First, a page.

‘Kinnear can’t joke about blowing money on Cibicki when he’s the chief executive who signed off on paying £1.5m for him in the first place. It isn’t possible to whip the tie off, hop out of the director’s box and run over to start nudging the fans, pointing at the pitch and asking ‘wow, who blew all the money on that guy!?’, when the answer is you, you blew the money on him. Then you sold us tickets to watch him, you hired Paul Heckingbottom to coach him, and the team finished 13th. That’s why fans tell jokes, because if we didn’t, we’d cry. What were we supposed to be laughing at in Kinnear’s programme notes?’
More recently, Andrea Radrizzani has been cracking jokes about Leeds wasting money. Radz doesn’t write programme notes, but he does send tweets. It’s easier to delete them, you see. Last month the Twitter account Transfer News Live asked, ‘Who is the biggest transfer flop in your club’s history?’ Radz replied, ‘JKA’, referring to Jean-Kevin Augustin and the £18m Leeds owe RB Leipzig for Big Kev’s 48 minutes in a United shirt. Radz deleted the tweet half an hour later, trying out the different punchline, ‘JFK’. I don’t remember Leeds signing the 35th president of the United States, although given Victor Orta’s desperate trolley dash around the world after Rodrigo’s injury at the end of the summer transfer window, I wouldn’t put it past us.
Radz can often be a bit tired and emotional on Twitter, but his JKA gag was consistent with what he said in the more professional setting of an interview with DAZN at the end of February. When asked about the difference in finances between the Premier League and Serie A, Radz replied:
“The gap is huge, although in my opinion we throw money away. We pay too much for players and players’ contracts… We need to work on ideas and the whole Premier League is a bit flawed. [Clubs] use money because they have so much of it, but there is no real need for it.”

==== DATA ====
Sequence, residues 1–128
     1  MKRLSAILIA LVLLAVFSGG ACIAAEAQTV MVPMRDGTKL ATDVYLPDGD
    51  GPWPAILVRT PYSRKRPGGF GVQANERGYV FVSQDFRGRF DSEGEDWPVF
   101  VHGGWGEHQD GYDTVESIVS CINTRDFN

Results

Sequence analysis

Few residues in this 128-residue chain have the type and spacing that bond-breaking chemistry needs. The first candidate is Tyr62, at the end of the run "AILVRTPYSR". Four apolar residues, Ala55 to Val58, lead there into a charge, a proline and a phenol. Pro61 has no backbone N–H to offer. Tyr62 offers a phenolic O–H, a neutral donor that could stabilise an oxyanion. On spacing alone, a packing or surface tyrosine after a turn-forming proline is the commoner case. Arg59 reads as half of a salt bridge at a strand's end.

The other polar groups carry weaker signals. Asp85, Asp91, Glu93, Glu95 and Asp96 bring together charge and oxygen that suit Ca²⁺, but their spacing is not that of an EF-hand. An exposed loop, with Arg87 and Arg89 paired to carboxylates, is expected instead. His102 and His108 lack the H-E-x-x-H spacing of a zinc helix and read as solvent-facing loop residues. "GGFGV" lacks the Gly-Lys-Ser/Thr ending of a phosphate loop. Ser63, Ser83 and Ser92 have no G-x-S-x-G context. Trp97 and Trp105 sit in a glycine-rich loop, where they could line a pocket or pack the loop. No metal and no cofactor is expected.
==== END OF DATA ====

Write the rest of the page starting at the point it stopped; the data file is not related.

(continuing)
A week later, Leeds — playing in a league where there’s so much money clubs throw it away because they have no better idea what to do with it — raised their season ticket prices. The Leeds board have had three years of Premier League income, but they’re still talking about needing to improve the club’s infrastructure and stadium, while the team has got worse. Which returns us to the question: what is the extra 10 per cent — the second 10 per cent rise in consecutive seasons — paying for? And why is it falling on supporters to make up for all the money the board admit to squandering? A Twitter thread started by our Michael shows the extra cash has not been spent on improving the facilities at Elland Road for supporters:
The toilet seat covered in frozen piss is such a rare natural phenomenon Kinnear could use it as a topic for his next programme notes, if he’s still lacking inspiration. There are more than enough photos in the Twitter thread to pad out a few pages. Either that, or maybe he can write about why there’s still a t-shirt in the window of the East Stand offices displaying the message, ‘Football Is For The Fans’. ⬢